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Community members of Meqheleng had to find other ways to access water in December 2019.

The community of Setsoto Municipality in Ficksburg, Free State almost celebrated a dry festive season when household taps went dry in the early days of December 2019. Our paralegal journalist Nomaswazi Tshabalala from the Ficksburg Advice Office, reported the terrifying experience of having muddy water run from the taps at her family home in the suburb of Setsoto, affected  community members from the township of Meqheleng carried buckets with them in search of  safe water in surrounding areas and reported this dilemma to her office. At this point, Nomaswazi contacted the Municipality with the aim to bring relief to angry community members especially those who are sick, elderly, pregnant and physically challenged.

On several occasions, her attempts to speak to the former mayor Councilor Maoke were unsuccessful and she could only get through to the mayor’s personal assistant who has since December promised to get the new acting mayor, Mr. Mokoena to visit the advice office. This visit would give the mayor an opportunity to provide a transparent account of the water crisis that took place, along with an intervention strategy for the future.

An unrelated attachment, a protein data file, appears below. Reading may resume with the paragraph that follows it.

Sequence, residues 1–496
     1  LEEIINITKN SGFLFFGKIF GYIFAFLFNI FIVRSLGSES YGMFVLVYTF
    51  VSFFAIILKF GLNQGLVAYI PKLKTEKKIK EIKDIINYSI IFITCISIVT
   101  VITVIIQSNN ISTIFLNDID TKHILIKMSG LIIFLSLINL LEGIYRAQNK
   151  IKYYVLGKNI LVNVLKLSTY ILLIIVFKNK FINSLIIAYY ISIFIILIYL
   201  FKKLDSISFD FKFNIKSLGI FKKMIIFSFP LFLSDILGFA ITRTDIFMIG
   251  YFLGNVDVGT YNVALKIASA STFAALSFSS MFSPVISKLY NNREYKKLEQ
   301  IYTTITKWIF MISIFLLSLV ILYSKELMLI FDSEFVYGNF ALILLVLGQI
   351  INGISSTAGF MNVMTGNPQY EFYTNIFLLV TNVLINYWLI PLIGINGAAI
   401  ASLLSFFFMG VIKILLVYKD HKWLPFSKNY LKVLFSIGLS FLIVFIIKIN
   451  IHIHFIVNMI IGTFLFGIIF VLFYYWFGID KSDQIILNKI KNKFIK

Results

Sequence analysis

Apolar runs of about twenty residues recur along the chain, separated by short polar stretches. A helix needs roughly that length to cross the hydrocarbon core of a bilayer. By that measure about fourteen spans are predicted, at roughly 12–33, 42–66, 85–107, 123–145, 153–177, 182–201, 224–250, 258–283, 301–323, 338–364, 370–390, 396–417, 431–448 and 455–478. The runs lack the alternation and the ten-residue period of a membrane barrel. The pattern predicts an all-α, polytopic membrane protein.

“Water, as enshrined in the Bill of Rights (27) of South Africa and by the United Nations through the Sustainable Development Goals of 2030, particularly Goal 6, is a basic human right.” says Nomaswazi Tshabalala – therefore we cannot have citizens struggle in this manner.

In a CJN powered segment on Setsoto FM radio with Padi Masupe of the news and current affairs show – “Re di lata letailana”, Nomaswazi spoke about this water crisis in Setsoto in relation to human dignity and rights.

She believes that the water crisis was not due to drought, as many of the community members speculate; rather it has been due to lack of service delivery from the municipality. Water has since been restored in the community but households need to treat the water of any impurities before using it, as it still has traces of dirt in it. Noma concludes by saying rural and township communities are always on the receiving end of poor governance and remain with a lot of dissatisfaction and frustration, but as an office they’ll continue to fight for the rights of Meqheleng citizens.

Story compiled by : Ntombikayise Gijana – Editorial Mentor